“(Business in Cameroon) - The proportion of children attending private schools ranges from less than 5 percent in Burundi, Mozambique, and South Africa to more than 30 percent in Cameroon, Mali, and Togo.” These figures are contained in the recent 2020 African Economic Outlook published by the African Development Bank (AfDB).
According to the same source, this “growth of private education may, in part, reflect the negative perception of the quality of public schools.” This means that in Cameroon and in many African countries, the deterioration of the quality of education in public schools is leading parents to place increased trust in private schools.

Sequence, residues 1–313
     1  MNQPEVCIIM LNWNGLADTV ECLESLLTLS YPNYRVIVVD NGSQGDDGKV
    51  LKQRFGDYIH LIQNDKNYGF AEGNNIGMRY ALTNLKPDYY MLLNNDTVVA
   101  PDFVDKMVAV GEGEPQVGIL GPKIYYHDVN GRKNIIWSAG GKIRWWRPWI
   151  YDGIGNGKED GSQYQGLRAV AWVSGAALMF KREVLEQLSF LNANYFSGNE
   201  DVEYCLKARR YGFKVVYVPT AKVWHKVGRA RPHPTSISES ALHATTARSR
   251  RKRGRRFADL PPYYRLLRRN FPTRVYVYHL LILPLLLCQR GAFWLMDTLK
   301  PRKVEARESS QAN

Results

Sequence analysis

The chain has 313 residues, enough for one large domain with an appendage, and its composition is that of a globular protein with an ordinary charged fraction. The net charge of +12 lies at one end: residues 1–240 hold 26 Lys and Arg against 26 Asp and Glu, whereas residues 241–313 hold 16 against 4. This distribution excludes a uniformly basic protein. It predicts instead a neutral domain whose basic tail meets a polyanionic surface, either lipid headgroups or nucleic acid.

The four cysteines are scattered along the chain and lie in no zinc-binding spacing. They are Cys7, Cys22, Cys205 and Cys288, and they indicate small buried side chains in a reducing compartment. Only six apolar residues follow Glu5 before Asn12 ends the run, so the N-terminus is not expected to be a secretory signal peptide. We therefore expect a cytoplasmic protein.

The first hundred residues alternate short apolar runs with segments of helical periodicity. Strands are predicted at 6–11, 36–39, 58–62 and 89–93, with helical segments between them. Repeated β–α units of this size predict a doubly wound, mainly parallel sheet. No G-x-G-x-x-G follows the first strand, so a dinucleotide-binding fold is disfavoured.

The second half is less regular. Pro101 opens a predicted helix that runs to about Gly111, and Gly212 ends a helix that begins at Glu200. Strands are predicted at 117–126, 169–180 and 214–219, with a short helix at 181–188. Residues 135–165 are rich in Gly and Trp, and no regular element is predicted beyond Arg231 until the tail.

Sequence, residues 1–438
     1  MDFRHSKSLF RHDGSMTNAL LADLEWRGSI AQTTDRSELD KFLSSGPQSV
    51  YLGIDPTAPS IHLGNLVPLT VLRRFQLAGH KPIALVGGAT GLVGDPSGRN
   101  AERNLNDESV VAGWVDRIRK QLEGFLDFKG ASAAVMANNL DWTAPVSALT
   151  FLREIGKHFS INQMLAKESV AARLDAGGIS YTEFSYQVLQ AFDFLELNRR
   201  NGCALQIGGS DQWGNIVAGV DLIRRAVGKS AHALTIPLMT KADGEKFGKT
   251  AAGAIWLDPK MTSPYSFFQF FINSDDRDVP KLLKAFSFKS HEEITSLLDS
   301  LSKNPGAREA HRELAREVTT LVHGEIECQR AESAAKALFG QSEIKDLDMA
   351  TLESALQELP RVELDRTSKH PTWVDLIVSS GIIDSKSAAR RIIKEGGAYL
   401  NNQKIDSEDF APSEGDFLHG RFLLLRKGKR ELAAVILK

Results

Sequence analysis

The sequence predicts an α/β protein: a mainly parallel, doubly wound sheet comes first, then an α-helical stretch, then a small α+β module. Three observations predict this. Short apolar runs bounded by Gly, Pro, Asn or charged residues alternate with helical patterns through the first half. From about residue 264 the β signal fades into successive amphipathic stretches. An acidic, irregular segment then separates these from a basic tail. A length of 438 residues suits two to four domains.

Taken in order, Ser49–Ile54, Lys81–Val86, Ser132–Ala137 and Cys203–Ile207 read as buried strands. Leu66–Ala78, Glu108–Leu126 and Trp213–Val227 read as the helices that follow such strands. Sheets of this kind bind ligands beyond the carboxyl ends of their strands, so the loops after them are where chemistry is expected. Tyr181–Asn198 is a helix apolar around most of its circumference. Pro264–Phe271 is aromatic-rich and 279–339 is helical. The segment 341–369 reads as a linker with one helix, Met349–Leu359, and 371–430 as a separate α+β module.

This growing interest in private education, according to the AfDB, can be observed at all levels of education. “The percentage of enrolment in private primary schools increased from about 6% in 2007 to 11% in 2017, and in private secondary schools from 8% to 15%. Enrolment in private higher education institutions has increased fivefold, from 3% to 16%,” the report states.
On the continent, “private schools still represent only a small percentage of the total number of education service providers. While they are rapidly gaining ground in Africa, where their number has almost doubled in ten years, they are not as widespread as in Asia and Latin America,” the AfDB points out.